• In Genesis 3:21, God made clothing from animal skins for Adam and Eve. In order to cover their shame (another word for “cover” is atone) an animal’s blood was shed.
  • In Genesis 4:3-4, the brothers Cain and Abel offered sacrifices to God. Cain’s offering of produce was rejected. Abel’s offering of the firstborn of his flock was accepted.
  • In Genesis 8:20, the first thing Noah did when he came out of the ark was build an altar and sacrifice an animal.

Spoiler alert for those of you doing a chronological reading plan: you’ll see it again in Day Four’s reading. Pay attention to what Job does the morning after any of his sons hosted a banquet (Job 1:4-6). If you accept the scholars’ view that Job was written before the Torah, then this is yet another example of a burnt offering made before the sacrificial system was instituted.

The three accounts in Genesis do not explicitly say that this was a sin offering. Still, this is one more reinforcement that an acceptable offering involves the shedding of blood. And all three of these point to Jesus. As an animal was skinned to cover the shame of Adam and Eve, Jesus was stripped and nailed to a cross to cover our shame. As Abel offered a firstborn lamb as a sacrifice, Jesus is the Lamb of God; the firstborn of Mary and Joseph, and indeed the “firstborn of many brothers” (Romans 8:29).

Of Noah’s sacrifice, Spurgeon writes:

It was Noah’s confidence in a bleeding sacrifice that gave him acceptance with the Lord. God thought about his Son and that great sacrifice to be offered long afterwards on the cross, and he smelled the pleasing aroma.

With any study Bible, bear in mind that only the biblical text is divinely inspired, not the notes at the bottom of the page. The Spurgeon Study Bible is no different. It’s presumptuous to say definitively what God was thinking if God Himself does not reveal it. Still, this is one more place where an acceptable sacrifice required the shedding of blood. And it illustrates a principle I learned a long time ago:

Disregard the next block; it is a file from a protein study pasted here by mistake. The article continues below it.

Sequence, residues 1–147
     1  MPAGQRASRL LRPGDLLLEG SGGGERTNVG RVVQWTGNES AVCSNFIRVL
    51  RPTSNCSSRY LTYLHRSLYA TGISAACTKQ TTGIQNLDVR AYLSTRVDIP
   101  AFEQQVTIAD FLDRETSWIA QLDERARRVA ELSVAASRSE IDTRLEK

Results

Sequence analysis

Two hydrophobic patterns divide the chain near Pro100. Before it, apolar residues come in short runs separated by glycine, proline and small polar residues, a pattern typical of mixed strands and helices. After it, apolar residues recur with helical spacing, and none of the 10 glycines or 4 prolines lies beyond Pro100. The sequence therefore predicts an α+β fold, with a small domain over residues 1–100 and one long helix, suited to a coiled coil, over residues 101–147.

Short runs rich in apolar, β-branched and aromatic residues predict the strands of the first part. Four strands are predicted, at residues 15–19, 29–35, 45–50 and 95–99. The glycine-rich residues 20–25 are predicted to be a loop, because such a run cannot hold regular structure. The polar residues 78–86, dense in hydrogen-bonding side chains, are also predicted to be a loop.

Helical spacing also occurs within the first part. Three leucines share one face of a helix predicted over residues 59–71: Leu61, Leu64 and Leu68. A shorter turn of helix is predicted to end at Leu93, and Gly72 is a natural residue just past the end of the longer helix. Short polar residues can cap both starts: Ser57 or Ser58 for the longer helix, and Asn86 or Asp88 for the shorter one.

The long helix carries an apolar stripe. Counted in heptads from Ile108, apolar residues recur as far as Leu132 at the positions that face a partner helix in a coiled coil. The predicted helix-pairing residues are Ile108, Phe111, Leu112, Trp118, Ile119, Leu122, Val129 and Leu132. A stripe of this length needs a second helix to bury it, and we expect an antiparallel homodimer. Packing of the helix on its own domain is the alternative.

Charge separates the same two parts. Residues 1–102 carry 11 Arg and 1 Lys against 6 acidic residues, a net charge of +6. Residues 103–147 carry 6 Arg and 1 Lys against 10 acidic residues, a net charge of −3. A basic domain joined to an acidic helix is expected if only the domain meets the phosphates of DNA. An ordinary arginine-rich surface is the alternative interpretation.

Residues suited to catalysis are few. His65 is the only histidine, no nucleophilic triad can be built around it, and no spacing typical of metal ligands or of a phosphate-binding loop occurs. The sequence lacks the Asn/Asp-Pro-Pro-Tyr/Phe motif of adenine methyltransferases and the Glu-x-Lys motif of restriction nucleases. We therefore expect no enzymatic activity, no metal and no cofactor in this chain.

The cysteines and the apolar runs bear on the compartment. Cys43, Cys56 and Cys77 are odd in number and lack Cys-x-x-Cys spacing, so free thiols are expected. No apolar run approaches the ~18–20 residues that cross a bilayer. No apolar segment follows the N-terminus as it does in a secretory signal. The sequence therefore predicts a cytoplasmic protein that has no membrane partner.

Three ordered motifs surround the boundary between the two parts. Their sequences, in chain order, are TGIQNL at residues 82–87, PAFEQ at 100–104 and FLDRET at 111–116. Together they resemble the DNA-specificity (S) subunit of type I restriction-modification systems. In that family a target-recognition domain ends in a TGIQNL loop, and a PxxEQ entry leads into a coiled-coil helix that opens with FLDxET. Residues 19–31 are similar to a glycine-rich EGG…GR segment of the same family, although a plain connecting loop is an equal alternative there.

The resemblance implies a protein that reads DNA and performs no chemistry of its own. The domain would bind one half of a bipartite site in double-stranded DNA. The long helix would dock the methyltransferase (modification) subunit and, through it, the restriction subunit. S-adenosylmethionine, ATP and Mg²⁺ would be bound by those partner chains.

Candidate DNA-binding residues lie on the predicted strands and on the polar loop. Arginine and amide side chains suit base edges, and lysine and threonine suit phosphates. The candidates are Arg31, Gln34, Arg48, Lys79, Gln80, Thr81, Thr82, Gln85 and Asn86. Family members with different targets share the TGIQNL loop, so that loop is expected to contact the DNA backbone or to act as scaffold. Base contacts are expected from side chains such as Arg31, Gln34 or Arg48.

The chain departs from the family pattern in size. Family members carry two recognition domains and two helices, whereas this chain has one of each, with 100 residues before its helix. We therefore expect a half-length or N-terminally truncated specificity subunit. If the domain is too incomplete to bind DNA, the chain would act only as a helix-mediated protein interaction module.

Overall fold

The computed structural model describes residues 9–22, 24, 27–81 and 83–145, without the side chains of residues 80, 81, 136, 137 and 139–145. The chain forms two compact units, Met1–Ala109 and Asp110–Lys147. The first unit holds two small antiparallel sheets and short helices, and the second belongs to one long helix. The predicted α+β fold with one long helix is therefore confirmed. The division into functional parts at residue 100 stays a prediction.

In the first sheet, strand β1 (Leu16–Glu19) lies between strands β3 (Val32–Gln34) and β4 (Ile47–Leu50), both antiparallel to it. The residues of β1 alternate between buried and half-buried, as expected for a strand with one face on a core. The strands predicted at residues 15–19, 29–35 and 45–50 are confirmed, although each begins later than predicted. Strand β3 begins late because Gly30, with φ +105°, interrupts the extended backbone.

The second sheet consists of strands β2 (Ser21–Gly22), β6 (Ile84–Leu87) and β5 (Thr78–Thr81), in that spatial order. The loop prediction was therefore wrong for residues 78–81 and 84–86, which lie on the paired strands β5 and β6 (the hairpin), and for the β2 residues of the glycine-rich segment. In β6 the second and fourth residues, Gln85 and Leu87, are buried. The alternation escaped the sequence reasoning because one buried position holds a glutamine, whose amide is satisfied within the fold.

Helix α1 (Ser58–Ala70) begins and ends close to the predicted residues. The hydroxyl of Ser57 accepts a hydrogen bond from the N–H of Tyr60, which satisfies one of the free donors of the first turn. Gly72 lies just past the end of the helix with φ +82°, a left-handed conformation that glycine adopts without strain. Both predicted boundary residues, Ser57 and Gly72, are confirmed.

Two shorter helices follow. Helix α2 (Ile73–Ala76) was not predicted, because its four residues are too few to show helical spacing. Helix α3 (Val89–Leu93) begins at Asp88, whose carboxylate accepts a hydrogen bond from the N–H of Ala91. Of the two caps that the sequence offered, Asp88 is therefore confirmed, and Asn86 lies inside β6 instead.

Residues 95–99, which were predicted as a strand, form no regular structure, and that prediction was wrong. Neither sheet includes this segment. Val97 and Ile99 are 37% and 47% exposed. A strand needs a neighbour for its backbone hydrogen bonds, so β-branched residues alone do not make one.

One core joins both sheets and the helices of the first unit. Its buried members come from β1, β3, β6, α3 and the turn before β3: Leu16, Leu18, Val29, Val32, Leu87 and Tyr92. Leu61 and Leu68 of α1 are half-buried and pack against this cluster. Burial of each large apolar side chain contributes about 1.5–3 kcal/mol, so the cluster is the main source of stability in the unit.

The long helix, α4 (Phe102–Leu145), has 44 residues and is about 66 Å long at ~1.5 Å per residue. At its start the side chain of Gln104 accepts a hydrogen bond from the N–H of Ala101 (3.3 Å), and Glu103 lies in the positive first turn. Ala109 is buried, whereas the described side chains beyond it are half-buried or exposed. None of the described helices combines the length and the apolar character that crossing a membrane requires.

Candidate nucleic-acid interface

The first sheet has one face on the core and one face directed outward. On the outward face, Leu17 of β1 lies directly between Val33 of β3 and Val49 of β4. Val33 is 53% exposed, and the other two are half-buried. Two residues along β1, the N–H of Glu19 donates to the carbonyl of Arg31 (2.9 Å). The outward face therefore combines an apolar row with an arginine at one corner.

The Old Testament contains the New Testament, and the New Testament explains the Old Testament.

A Spurgeon Snapshot: “Come Lord Jesus” and “Come Ye Sinners” (Revelation 22:17-21)

I am using the Spurgeon Study Bible for my Bible Read Through in 2023. All of the study notes are quotes from Charles Spurgeon’s sermons and writing. For more on Charles Spurgeon, click here. The Spurgeon Study Bible is available from Lifeway, Christianbook.com, and Amazon.

17 The Spirit and the Bride say, “Come.” And let the one who hears say, “Come.” And let the one who is thirsty come; let the one who desires take the water of life without price.

20 He who testifies to these things says, “Surely I am coming soon.” Amen. Come, Lord Jesus!

In the last chapter of Revelation, the verb “come” is used multiple times. In verse 17 alone, the Holy Spirit and the Bride of Christ (that is, the church) say “Come.” Anyone who hears (which goes back to the refrain used for all seven churches at the beginning of Revelation–“He who has an ear let him hear”) says “Come.” There is an invitation to all who are thirsty to come, and drink freely of the water of life (verse 17). Then in verse 20, Jesus assures us that He is coming soon, to which we respond, “Amen! Come, Lord Jesus!”

Spurgeon wrote, “Here is a twofold ministry… We say to Jesus ‘Come,’ and we say to the sinner, ‘Come’.” There’s the ministry of prayer for the return of Christ, but there is also the ministry of evangelism, where we beg lost people to come to Christ.

It is a sad calamity when any church ceases from its mission work. Such a church is clearly out of fellowship with the Spirit of God and has ceased to work with him… [It is] for this purpose there is a church left on the earth.

Charles H Spurgeon

If we read the book of Revelation with an inward focus; that is, only with an eye as to whether or not we ourselves are ready for the second coming of Jesus, we’ve lost the plot. The purpose of the book was never about becoming so familiar with the timeline of dispensational premillenialism that we will be able to spot the antichrist and brace for the tribulation (or the Rapture, if you aren’t mid-Trib). It is about praying for the Lord to come, and preparing the world for His coming.

Let the two parts be evenly balanced. Let there be prayer to our Lord–“Come quickly!”–and an equal measure of entreaty to sinners–“Come to Christ!” Let us blend the two in wise proportion and set both on fire. Let us tell of Christ’s coming for judgment and then invite people to come to Christ’s for mercy. Let us warn them that he is on the way but tell them that he waits to be gracious. While he lingers, they have time for repentance. Thus, we will both drive and draw, both convince and comfort.

Charles H Spurgeon